Deputy Senate President Ike Ekweremadu delivered a very touching tribute to the late Dim Chukwuemeka Odumegwu-Ojukwu at a funeral service held in Abuja on Monday. He described the late hero as a courageous patriot who stood firmly for justice, equity and national unity.
“The story of Ikemba is the story of a man who spurned the silver spoon and jettisoned the comfort that life offered him from birth to follow a passion of service to fatherland and the defence of the defenceless.”
Ekweremadu noted that Ojukwu’s belief in the Nigerian project was underlined by the fact that he not only joined the National Party of Nigeria (NPN) on return from exile in 1982, but also vied for the presidency of the country.
L- R: Anambra State Governor , Peter Obi, Vice President Namadi Sambo, Senate President David Mark, Deputy Senate President Ike Ekwueremadu wife at Abuja International Airport at the occassion….
He said Ojukwu had the vision of a true and prosperous federal state where every citizen would find joy and fulfilment, not one fraught with discrimination, ethno-religious tensions and carnage.
“Ikemba had a vision of a Nigeria where every citizen lives without fears in any part thereof; a country great in name and esteem; a country well governed and devoid of the vultures of tribalism, discrimination, ethnic segregation, religious nepotism, sectional cabalism and a nation where potentials and might are not rendered weak by the vultures of corruption and greed.”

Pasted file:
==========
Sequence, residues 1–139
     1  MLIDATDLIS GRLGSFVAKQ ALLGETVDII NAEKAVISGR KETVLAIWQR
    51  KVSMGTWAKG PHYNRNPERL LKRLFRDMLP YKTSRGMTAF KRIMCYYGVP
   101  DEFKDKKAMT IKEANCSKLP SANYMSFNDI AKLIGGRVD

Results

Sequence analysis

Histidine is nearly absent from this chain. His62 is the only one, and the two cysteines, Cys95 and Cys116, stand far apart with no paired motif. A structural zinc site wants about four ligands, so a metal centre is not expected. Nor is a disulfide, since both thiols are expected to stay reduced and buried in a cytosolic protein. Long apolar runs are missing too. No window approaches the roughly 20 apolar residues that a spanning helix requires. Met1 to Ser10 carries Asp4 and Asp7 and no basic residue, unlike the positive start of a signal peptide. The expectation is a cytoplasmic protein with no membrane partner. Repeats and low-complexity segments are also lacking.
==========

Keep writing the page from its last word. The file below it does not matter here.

Ekweremadu regretted that Odumegwu-Ojukwu came ahead of his time, lived ahead of his time, and died ahead of his time since the laudable visions he longed for were yet to be realised.
“It is only when these visions are realised that the nation will appreciate him and his struggles better.
“Our dear nation and her leaders owe it to the memory of Dim Chukwuemeka Odumegwu-Ojukwu to strengthen Nigeria as an indivisible political entity where justice, peace, love, and unity reigns.
“Where national interest is supreme; where corruption is a thing of the past; and where every Nigerian is free and able to actualise his or her legitimate dreams and aspirations unmolested in any part of the country, irrespective of religious, political, and tribal affiliations and origin. This is indeed the greatest honour and tribute he can get from us.”
Turning to the remains of Ojukwu, Ekweremadu said:
“Ikemba! Be rest assured that this house will not fall; the termites will no longer eat down our fences; the crows and vultures will no longer patch on our heritage; strangers will no longer walk over our portion, for the sun can only rise on our heritage.”